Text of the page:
Illegal logging has reached the hitherto uncontacted Jururei tribe in the Amazon forests of Brazil. The tribe has only eight to 10 members. It is the second "uncontacted" indigenous group in the area that has suffered increased threat from loggers after a recent court order permitted felling in a part of the forest called Rio Pardo.
"The Indians have had conflict with loggers, who are cutting toward them from two different directions," said Rogerio Vargas Motta, director, Pacaas Novos National Park. Jururei huts were photographed recently by helicopter and Motta says a Jurerei even shot three arrows at it. In the latest clash, these Indians reportedly set booby traps with spikes, injuring a logger. The last official record of their sighting was almost a decade ago.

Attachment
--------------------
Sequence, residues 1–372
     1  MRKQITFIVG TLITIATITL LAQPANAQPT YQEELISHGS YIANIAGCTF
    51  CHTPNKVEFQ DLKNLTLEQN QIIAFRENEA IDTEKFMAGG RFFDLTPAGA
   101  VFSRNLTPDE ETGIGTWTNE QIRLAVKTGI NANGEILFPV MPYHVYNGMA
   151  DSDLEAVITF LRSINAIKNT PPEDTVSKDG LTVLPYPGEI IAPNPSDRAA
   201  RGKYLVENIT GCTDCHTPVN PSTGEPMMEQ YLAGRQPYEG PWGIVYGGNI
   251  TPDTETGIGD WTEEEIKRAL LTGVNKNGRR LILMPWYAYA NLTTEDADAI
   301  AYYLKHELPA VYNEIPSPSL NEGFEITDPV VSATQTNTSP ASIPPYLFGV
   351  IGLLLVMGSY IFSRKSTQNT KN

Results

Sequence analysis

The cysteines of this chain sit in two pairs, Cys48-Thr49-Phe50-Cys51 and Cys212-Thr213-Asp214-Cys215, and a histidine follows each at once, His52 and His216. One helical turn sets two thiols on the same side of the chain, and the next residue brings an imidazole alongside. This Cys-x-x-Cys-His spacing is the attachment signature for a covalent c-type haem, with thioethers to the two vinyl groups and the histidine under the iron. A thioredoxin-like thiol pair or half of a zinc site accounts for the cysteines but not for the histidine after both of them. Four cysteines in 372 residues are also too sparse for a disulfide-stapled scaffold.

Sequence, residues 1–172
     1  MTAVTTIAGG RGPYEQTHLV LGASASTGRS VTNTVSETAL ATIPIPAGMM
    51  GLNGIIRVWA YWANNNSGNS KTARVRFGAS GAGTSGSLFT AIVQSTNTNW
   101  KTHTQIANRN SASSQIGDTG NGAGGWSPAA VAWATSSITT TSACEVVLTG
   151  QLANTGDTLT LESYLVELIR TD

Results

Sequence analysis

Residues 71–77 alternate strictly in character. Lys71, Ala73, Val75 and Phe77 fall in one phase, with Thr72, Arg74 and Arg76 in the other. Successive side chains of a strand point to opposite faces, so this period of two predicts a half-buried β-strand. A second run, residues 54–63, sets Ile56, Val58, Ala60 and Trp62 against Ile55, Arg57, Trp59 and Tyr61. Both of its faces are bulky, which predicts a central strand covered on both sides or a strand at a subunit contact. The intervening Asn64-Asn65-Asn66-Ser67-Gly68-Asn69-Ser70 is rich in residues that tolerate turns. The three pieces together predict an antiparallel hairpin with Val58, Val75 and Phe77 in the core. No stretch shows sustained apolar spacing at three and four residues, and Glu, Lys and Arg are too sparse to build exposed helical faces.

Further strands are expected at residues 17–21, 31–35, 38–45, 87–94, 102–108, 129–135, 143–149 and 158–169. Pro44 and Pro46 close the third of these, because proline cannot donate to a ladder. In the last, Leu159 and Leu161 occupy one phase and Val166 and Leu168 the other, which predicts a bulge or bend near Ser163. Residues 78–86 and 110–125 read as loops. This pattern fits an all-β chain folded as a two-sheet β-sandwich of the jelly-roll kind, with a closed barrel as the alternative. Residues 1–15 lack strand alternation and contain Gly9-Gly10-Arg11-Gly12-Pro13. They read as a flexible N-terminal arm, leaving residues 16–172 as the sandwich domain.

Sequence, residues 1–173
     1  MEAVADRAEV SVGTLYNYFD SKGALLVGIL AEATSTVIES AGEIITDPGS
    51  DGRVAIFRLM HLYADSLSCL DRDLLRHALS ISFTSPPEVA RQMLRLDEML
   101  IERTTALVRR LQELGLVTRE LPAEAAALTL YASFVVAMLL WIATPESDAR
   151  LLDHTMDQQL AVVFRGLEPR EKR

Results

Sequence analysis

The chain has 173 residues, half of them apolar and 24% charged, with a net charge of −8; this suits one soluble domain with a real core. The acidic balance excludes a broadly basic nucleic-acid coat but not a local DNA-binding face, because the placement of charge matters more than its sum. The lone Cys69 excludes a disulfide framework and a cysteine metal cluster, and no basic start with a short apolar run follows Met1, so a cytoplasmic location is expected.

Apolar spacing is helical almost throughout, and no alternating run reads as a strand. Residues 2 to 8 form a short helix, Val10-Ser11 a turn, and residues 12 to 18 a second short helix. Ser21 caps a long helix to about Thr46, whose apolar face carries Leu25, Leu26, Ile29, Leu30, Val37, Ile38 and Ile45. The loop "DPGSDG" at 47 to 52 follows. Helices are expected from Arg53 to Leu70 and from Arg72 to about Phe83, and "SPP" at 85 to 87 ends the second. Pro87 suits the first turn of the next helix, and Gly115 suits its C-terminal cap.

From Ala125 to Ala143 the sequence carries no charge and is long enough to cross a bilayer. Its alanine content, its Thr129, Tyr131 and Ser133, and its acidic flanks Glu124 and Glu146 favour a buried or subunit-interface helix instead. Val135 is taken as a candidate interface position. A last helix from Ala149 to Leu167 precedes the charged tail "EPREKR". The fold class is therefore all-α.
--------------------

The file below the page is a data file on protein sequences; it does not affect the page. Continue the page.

"Unless Brazil acts now to protect uncontacted tribes, they will disappear off the face of the earth. The annihilation of a tribe, however small, is genocide," warns Fiona Watson of Survival International, an indigenous rights group. Deforestation, egged on by cattle ranchers and soyabean farmers, and a weak political will to protect the forest, is surely anathema to Brazil's Indians.
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